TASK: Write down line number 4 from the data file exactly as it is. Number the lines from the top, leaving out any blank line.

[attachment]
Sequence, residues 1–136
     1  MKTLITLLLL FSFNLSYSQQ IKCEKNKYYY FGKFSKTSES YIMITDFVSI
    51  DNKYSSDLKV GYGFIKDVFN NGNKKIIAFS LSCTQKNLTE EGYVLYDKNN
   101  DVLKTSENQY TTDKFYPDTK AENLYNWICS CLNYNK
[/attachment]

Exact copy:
   101  DVLKTSENQY TTDKFYPDTK AENLYNWICS CLNYNK